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Stiff jail sentences needed to deter assaults on cops, says outgoing Police Federation chief

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Mark Lindsay

Mark Lindsay

Mark Lindsay

There have been fresh calls for tougher action to crack down on attacks on police officers here.

It comes as Sunday Life lays bare the terrible toll those assaults have taken on some officers.

Mark Lindsay, who has just stepped down from the Police Federation after more than 30 years in the service, told Sunday Life: “Sometimes the silence from our legislators and our Assembly is disappointing to say the least.

“If that was in any other profession such as teaching or healthcare, there would be a vast outcry. But somehow it seems socially acceptable to attack police officers.

“Sentences and proper legislation are very important, send out a message that if you raise your hand or take a weapon to a police officer, are caught and convicted, expect to go to prison.”

As well as almost 1,000 officers injured last year alone, countless others narrowly escaped being hurt. There were more than 600 near misses in 2021 — those targeted but not physically injured.

Chief Superintendent Sam Donaldson told Sunday Life officers “deserve to do their job free from fear of violence’’.

“They have been confronted with unacceptable violence and abuse while serving on the frontline, but they have shown tremendous bravery and professionalism when faced with danger,’’ he says.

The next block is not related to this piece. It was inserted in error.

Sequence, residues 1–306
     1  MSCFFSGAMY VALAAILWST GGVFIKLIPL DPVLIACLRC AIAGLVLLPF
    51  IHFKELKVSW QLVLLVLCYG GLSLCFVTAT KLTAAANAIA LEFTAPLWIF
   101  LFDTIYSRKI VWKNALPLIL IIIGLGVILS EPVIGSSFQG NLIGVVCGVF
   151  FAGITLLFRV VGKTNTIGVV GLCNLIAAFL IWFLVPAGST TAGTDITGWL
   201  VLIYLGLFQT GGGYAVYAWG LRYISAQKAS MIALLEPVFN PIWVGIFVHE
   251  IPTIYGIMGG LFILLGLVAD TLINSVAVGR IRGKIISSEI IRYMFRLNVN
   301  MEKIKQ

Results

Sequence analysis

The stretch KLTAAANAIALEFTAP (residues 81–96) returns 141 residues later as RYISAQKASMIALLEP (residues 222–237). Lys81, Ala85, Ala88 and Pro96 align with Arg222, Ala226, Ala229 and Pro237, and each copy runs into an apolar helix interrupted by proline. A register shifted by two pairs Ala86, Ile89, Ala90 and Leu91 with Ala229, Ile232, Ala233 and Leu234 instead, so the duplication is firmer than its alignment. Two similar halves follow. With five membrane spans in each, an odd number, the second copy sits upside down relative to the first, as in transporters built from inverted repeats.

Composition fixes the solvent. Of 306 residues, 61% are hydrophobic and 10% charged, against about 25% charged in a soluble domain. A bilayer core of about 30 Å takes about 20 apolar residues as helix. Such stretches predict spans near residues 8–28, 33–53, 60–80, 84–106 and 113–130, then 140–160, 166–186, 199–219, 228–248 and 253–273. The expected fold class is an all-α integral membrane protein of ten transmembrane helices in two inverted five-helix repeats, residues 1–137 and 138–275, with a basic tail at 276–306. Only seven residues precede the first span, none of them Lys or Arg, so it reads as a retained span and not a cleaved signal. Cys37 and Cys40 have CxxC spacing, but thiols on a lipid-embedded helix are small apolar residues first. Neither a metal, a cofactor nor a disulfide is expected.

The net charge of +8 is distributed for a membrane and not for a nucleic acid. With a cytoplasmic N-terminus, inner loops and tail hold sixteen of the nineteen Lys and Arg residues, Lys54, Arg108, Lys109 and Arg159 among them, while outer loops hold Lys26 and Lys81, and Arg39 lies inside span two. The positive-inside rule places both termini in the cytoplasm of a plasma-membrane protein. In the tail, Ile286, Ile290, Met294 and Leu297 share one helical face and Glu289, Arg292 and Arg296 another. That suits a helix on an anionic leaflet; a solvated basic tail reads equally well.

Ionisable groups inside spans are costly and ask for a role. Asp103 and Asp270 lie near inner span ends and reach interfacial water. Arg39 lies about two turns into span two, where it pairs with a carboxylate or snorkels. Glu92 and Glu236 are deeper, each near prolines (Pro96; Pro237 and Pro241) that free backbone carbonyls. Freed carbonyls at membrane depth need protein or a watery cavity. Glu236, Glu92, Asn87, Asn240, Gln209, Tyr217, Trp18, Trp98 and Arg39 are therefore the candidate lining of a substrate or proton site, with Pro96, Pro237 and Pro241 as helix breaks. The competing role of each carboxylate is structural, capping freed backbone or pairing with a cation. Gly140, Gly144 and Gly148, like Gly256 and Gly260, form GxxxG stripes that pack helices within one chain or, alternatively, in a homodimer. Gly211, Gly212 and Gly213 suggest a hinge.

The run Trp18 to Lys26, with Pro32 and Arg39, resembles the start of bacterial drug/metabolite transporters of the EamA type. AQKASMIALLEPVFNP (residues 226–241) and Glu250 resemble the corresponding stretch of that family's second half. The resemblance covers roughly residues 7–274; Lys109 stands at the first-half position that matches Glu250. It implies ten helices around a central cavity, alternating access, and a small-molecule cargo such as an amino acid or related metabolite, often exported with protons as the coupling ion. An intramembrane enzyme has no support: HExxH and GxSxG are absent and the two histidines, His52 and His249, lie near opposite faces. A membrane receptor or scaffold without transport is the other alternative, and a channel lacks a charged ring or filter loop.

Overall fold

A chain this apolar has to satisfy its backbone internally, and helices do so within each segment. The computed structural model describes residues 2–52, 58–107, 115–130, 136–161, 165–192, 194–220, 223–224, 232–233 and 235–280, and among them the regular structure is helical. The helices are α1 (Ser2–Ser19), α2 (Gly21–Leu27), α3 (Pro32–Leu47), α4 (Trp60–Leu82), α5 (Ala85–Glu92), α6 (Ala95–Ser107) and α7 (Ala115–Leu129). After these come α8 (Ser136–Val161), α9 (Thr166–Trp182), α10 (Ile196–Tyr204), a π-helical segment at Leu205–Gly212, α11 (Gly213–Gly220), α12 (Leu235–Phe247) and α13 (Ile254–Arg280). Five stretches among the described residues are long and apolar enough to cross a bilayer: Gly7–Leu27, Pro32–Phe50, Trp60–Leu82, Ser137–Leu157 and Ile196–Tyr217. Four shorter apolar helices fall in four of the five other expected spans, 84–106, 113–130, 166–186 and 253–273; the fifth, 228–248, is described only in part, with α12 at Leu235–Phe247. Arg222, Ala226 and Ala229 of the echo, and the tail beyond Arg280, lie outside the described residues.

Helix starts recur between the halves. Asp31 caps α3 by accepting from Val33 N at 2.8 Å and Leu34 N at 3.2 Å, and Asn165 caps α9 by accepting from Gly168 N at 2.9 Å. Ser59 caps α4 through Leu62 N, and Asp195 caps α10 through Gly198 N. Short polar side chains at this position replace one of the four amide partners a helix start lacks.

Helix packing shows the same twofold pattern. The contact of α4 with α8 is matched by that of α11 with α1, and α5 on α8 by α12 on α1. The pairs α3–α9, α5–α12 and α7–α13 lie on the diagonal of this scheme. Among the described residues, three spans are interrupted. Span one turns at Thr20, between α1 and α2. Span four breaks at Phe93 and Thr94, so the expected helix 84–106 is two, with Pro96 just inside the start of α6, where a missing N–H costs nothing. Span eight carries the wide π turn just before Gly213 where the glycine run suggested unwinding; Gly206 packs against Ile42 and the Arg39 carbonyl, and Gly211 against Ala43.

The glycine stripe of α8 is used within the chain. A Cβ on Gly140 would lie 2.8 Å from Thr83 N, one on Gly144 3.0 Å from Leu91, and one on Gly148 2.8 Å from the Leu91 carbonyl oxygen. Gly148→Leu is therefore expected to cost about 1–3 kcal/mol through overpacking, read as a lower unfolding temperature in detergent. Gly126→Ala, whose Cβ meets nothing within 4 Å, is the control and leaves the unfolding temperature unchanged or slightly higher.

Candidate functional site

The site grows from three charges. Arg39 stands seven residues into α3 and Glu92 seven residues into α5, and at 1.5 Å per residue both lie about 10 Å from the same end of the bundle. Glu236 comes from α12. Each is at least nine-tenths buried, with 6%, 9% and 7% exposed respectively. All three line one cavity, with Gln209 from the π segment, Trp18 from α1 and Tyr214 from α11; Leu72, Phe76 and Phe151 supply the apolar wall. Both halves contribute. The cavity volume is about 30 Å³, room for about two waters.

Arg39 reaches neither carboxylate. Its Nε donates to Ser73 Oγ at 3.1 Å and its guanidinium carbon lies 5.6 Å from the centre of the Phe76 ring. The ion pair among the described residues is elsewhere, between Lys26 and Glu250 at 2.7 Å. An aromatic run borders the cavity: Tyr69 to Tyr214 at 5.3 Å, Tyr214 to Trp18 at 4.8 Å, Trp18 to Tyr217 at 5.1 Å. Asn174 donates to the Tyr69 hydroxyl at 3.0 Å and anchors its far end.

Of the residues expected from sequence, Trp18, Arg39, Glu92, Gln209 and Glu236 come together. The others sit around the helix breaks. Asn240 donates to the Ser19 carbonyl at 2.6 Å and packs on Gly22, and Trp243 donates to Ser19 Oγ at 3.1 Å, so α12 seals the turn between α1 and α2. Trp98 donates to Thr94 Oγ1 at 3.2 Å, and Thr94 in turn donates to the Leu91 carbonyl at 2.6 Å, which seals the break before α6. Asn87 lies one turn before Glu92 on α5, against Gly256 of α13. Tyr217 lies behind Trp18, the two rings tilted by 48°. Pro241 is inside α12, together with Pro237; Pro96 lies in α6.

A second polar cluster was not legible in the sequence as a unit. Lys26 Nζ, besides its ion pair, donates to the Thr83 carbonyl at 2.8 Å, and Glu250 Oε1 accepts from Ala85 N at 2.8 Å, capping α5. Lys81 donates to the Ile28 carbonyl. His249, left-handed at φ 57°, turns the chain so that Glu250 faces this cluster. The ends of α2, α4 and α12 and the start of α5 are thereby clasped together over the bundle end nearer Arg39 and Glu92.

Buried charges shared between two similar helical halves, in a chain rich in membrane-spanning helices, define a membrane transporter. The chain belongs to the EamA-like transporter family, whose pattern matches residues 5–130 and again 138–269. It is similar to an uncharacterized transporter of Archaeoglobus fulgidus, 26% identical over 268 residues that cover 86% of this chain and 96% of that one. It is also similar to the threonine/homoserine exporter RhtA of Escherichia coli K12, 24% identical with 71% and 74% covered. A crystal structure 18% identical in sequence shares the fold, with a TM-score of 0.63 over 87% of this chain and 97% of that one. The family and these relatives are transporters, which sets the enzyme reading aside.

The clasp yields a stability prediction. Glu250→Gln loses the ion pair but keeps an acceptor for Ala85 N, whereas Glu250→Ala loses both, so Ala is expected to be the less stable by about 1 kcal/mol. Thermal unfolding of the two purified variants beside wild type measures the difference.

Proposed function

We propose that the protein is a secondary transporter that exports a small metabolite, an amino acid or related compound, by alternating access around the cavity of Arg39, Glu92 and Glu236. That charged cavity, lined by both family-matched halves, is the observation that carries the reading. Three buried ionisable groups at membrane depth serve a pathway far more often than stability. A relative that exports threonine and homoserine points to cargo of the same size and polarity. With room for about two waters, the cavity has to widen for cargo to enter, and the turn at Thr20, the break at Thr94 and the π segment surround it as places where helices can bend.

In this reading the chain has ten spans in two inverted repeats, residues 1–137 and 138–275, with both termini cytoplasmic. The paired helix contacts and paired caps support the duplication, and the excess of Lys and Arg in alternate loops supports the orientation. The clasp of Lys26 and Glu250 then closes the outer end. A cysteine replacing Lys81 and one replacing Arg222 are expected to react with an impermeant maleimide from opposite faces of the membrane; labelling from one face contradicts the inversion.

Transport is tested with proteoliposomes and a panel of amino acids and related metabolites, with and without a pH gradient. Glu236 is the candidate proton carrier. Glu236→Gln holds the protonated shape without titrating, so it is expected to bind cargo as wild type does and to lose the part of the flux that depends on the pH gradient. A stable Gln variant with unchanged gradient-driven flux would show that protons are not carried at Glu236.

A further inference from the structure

“The impact of an assault on an officer must never be underestimated. While statistics tell one story, they don’t show the impact an assault on an officer has — not just on the officer themselves, but on their loved ones and how it affects their family life.”

Police chiefs say there is a lot of support in-house for officers assaulted in the line of duty when it comes to investigation and welfare.

And they are keen to stress everything is done to make sure it doesn’t impact on the work they do on the ground within communities.

“We also know that not all assaults are reported, and we are working to ensure more consistent reporting of assaults so we can capture their experiences,’’ adds Ch Supt Donaldson.

“Collectively, as a society, we must get the message across that it’s completely unacceptable to assault or attack a police officer, or indeed any emergency service worker.

“Our selfless officers are mothers, fathers, sons, daughters, sisters and brothers and when one of them is assaulted, it is an attack on all of us.”

Outgoing Federation boss Mr Lindsay has this fear if attacks continue to rise: “People will join the police if they want to join, but I think the problem is around retaining people who are subject to assaults over their career.”


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